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Education under attack: Con-Dem government prepares for battle
HAS ANYBODY got any lingering doubts of the government's intentions? The Financial Times - a house journal of the capitalist class - let the cat out of the bag in an article on 20 May.
Derek McMillan, teacher, Sussex
"Before the election, the coalition parties aimed to avoid a direct confrontation with the unions. They now appear braced for pitched battle. The unions were always bound to figure prominently in this parliament.
"The government must rein in a fiscal deficit of 11.1% of output. Public jobs and pay must bear the brunt of spending cuts. In the state sector, 68% of employees are bound by collective pay agreements.
"The parties' manifestos suggested plans to outflank the unions. They wanted to force through tight pay settlements while undermining the unions by contracting out an increased share of public services to private providers. The coalition agreement sets out a path to direct confrontation."
The FT takes it as read that the working class, starting with the public sector, "must" pay the price for a crisis not of their making. There's no "must" about it.
The government will throw down the gauntlet to the trade union movement. The nice Cameron/Clegg mask will be torn off to reveal the Thatcher within. For teachers, national pay and conditions agreements will be torn up.
The FT, again, says: "More explosively, the new government intends to attack national pay bargaining. It wants to 'reform the existing rigid national pay and conditions rules...' for schools. The coalition's ambition should be greater. National pay bargaining is a problem well beyond education."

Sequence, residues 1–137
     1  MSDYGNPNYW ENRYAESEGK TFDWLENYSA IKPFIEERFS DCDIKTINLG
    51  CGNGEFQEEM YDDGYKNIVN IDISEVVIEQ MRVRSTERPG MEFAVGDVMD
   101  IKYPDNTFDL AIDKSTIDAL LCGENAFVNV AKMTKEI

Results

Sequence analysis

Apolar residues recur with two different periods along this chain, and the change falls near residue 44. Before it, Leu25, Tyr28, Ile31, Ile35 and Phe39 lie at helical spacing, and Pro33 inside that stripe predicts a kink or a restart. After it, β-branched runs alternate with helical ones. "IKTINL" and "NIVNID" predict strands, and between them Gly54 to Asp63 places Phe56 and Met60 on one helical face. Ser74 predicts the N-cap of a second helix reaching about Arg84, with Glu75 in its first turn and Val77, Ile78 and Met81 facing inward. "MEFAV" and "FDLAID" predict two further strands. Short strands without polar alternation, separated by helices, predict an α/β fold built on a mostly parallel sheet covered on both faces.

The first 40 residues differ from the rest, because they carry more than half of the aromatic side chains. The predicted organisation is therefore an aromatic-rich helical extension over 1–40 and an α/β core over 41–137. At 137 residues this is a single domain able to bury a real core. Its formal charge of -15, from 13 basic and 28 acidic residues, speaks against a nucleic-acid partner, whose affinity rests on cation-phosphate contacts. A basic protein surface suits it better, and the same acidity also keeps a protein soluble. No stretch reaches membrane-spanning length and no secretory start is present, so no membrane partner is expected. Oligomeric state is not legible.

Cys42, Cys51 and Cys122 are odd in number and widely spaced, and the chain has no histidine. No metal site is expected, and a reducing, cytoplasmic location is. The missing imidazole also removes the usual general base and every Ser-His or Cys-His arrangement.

Yes this plan should be "explosive" but it is up to rank and file trade union members to make sure it actually is.
Education trade union leaders of "left" and "right" may seek delay and compromise as they have always done in the past.
And as the FT understands, a defeat for the teacher unions would be the harbinger of a defeat for other workers with national pay bargaining - unless they fight back.
NUT Executive member Martin Powell Davies' call for the June executive meeting to indicate that a strike ballot will be the response to any such attack from the government is timely.
This political attack also requires a political response.
Labour too always sought to destroy national pay bargaining through precisely the tactics laid out in this FT article.
Those union leaders who continue to back New Labour are acting against their members' interests.
Anyone who voted Lib Dem to keep the Tories out will be reconsidering now.
We need a party for the 'common people' - a party of the working class.
In The Socialist 26 May 2010:
National Shop Stewards Network
Socialist Party news and analysis
Socialist Party workplace news
Socialist Party feature
International socialist news and analysis